Dogs love to lick just about everything. Whether it’s that weird looking stain on your floor or it’s your face, you can be certain your dog will want to identify it with his tongue. The same goes for when they’re cleaning themselves or scratching an itch—they love to use their tongue. While this is fine and normal for most dogs, there is a point when that licking can go too far.
Lick granuloma occurs when a dog’s licking habits go from standard-level self-cleaning to something far more harmful and excessive—breaking the skin and causing painful wounds. Read on to find out more about the causes and symptoms of lick granuloma dogs and how to treat the skin problem with skincare and treatments. That way you can watch your dog lick weird things again with peace-of-mind.
Also known as acral lick dermatitis, lick granuloma in dogs appear in the form of painful lesions on their outer extremities, caused by chronic, compulsive, constant licking of a concentrated area. While seemingly innocuous, all that licking can actually damage superficial skin layers and cause your dog immense discomfort.
What makes lick granuloma tricky is that it’s a self-perpetuating skin condition, an “itch-lick” cycle, so to speak.
While the initial itch could have come from any given source, the constant licking that follows is a soothing tactic that only aggravates the area more, possibly leading to your dog scratching skin raw. The more raised, red, and itchy the area becomes, the more your dog will try to self-soothe with excessive licking.
And hence, the itch lick cycle continues.
How do you stop this never-ending circle of discomfort and get your dog back to running circles around you?
First, you have to diagnose the skin lesion.
Lesions caused by lick granuloma can manifest and develop in different ways, sometimes making them difficult to spot and diagnose. The first step is to identify the affected area. Lick granuloma occurs most often on body parts that are easy to reach from a seated position, like:
Sometimes, a dog will have several lick granulomas simultaneously. And it should be noted that lick granuloma can occur anywhere your pup can reach, especially if she’s a talented contortionist.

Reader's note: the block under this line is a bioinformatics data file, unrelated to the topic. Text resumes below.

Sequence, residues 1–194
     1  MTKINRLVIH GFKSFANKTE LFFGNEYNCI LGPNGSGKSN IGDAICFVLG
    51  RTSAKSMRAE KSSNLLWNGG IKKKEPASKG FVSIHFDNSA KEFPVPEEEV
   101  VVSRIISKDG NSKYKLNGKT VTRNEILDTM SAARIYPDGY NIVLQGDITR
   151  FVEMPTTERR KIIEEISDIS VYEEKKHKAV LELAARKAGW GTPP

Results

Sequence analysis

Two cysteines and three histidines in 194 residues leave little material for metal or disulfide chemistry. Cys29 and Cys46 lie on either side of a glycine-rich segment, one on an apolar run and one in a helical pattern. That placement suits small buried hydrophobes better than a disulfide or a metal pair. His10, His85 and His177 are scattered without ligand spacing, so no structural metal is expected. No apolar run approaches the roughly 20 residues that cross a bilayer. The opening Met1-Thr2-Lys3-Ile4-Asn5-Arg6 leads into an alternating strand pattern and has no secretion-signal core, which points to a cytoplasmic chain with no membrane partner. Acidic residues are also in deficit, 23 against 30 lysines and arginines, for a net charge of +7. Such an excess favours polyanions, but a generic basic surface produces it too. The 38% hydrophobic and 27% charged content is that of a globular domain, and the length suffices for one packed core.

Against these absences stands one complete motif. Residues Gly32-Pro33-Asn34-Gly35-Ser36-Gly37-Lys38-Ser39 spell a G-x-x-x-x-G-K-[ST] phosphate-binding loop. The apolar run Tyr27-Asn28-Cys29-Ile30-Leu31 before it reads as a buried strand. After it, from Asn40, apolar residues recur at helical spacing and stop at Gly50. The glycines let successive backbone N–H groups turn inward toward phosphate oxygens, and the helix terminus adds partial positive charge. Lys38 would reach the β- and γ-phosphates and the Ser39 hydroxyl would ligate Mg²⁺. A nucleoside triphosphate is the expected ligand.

Next, see if your dog’s skin wound is showing any of these symptoms:
A physical examination by your local animal health professional can help identify the source of your dog’s lesions. Coming prepared with some key observations will also help. These include:
The short answer is that acral lick dermatitis in dogs is very common and can affect any dog.
However, there are a few large breed dogs that suffer from lick granuloma more frequently. If you own a dog belonging to these breeds, definitely keep a close eye for lick granuloma symptoms:
Not every skin lesion points towards lick granuloma. Also, the lick granuloma can be a symptom of another ailment, which isn’t always more dangerous but still needs to be identified. On top of a physical exam and skin cytology, performing further tests on the lesions can uncover the true cause of the lick granuloma or diagnose a different condition entirely.
Some conditions that a veterinarian will test for include:
Lick granuloma treatment isn’t a one-size-fits-all approach. That’s because the causes for lick granuloma are extremely varied, ranging from both physical and psychological origins.
Once you can identify them, you can tackle them. Here are the main culprits.
Recommended Treatments: Depending on the physical origins of your dog’s discomfort, you may need to target the source with oral and topical solutions or medical procedures like:
Recommended Treatment: The psychological factors behind lick granuloma can range from something as innocuous as boredom to something as serious as trauma. By extension, treatments will range from more quality time and play to therapy and psychopharmacologic medications.
As long as you comply with your veterinarian’s recommendations, keep a fastidious eye on your furry friend, and stay positive, your cute canine will be back to its usual licking self—minus the scrapes and scabs.